Posted on Whitney’s behalf: Because I’m not a "re…


Posted on Whitney’s behalf:

Because I’m not a “real” contributor to DH, I was hoping to start a conversation on a link I just saw on MSNBC about disabled couples who are trying to genetically engineer (?) their babies to have their same disability.

I don’t know how to link to articles, or I would. (But Joe knows: Linky.)

Basically, what caught my eye the most was a couple, both of whom have dwarfism, who are pushing for this type of embryonic manipulation.

This particular quote seemed, um, ironic…to me: Gibson and Cara Reynolds of Collingswood, N.J., are outraged by opposition to using embryo screening to allow dwarf people to have dwarf children. “You cannot tell me that I cannot have a child who’s going to look like me,” Cara Reynolds said. “It’s just unbelievably presumptuous and they’re playing God.”

Isn’t that exactly what she is wanting to do? Play God?

If someone is willing to post a whole new topic, that would be great. Maybe no one is interested. That’s OK, too. 🙂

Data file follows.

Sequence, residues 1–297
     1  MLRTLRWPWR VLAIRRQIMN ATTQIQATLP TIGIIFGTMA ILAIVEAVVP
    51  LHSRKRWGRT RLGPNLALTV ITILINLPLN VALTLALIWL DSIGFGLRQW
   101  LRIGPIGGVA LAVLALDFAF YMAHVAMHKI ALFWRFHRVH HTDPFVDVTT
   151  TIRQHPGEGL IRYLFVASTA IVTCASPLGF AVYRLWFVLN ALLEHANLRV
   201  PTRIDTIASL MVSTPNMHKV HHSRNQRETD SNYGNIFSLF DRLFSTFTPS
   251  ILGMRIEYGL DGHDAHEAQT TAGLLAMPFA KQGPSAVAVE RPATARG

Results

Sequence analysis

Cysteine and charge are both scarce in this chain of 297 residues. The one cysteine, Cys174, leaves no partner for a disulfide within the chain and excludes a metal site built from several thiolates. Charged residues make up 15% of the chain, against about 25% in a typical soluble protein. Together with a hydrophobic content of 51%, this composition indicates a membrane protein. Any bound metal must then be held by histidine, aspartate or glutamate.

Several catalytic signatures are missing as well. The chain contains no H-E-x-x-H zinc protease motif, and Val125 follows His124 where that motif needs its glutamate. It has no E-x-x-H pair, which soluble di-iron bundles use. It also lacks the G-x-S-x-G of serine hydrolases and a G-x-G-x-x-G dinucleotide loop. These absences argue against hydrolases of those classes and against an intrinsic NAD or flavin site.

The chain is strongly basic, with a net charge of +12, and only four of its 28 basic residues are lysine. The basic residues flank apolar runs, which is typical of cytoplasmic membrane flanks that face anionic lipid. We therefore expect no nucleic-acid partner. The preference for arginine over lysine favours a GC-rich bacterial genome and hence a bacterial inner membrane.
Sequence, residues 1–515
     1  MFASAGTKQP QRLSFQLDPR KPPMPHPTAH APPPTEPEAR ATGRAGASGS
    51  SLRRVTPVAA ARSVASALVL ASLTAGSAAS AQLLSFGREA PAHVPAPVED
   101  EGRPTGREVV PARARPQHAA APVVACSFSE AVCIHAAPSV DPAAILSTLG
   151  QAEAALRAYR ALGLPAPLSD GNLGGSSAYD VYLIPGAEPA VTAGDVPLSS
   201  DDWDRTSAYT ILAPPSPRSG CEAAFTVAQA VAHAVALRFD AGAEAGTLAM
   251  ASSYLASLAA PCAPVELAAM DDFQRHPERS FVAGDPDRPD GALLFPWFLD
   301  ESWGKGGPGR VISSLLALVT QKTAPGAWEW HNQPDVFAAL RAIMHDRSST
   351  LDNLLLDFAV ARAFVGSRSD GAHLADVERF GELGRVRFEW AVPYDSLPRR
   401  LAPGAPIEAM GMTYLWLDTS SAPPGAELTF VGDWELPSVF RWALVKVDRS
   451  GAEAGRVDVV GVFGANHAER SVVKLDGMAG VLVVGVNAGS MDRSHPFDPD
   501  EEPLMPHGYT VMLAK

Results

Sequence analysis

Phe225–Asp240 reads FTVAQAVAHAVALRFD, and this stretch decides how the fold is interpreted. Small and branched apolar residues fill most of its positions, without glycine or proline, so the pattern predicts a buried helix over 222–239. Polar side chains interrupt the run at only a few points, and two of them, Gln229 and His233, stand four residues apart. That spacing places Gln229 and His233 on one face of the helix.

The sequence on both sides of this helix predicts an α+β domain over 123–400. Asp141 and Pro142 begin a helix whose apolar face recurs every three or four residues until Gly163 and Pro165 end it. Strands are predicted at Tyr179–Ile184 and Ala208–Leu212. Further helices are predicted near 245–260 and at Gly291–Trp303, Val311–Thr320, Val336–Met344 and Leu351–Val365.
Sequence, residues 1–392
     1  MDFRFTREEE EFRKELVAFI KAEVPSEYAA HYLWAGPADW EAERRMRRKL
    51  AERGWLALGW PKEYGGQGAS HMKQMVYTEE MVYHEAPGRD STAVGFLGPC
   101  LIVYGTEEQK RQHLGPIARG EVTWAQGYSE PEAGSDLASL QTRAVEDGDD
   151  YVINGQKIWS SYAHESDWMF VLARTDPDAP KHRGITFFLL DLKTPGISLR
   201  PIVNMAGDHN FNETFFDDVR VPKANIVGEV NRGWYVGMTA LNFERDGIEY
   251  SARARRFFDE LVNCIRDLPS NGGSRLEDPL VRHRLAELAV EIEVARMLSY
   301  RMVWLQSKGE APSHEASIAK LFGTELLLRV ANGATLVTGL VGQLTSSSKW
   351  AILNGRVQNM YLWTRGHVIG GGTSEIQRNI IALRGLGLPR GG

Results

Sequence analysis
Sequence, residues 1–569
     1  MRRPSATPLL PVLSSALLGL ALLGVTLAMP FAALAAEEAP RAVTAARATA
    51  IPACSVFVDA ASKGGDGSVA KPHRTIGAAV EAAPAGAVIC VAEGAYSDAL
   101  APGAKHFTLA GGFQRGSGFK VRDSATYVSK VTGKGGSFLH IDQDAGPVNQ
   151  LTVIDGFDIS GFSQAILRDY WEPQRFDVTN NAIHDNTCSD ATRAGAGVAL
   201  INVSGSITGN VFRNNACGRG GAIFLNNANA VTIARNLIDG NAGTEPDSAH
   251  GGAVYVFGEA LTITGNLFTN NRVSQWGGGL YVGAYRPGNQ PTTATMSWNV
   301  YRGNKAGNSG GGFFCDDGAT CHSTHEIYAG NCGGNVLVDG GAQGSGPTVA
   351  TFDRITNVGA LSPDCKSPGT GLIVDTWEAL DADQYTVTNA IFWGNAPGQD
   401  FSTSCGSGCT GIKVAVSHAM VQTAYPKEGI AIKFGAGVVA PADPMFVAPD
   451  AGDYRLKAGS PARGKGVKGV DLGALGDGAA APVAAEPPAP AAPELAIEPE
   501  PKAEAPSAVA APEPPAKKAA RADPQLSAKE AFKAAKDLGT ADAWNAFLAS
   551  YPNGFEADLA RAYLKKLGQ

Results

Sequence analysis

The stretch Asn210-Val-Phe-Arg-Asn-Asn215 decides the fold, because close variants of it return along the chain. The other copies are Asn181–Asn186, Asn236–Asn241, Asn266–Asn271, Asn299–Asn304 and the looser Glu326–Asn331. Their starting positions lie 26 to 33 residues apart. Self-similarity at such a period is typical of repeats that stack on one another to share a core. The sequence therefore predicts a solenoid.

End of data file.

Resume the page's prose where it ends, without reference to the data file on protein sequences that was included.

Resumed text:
Merry Merry Merry Christmas to you all. New and old friends alike. I pray for you all peace and happiness.



2 Responses to “Posted on Whitney’s behalf: Because I’m not a "re…”

  1. juvenal_urbino Says:

    We all “play God” all the time, usually entirely without thinking about it. We get a bit alarmed when we come upon a new area in which to do it, because suddenly we’re confronted with the fact that we’re doing it.

    As for the specifics of this particular instance, my thoughts are mixed. I can understand the parents’ feelings, but I also think people — all people — shouldn’t be quite so hell-bent on having children. (‘Tis not the season for such sentiments, I know, but.)

  2. Unicorn Says:

    I’m with JU – my thoughts are mixed.
    If there are ways to improve people’s lives, there may be some justification for “engineering”. However, dwarfism would presumably not improve this baby’s life (except in the eys of his/her mother).
    Yeah, I know — beauty is in the eye of the beholder. But, this person would need some real self-image building before going out into the world as a minority who – one might say – is not much looked up to. (I know, bad grammar, too!)
    I’m expecting a visitor in two weeks who teaches genetics and has also been very involved in the ethics of stem cell research. I certainly intend to quiz her on the subject.

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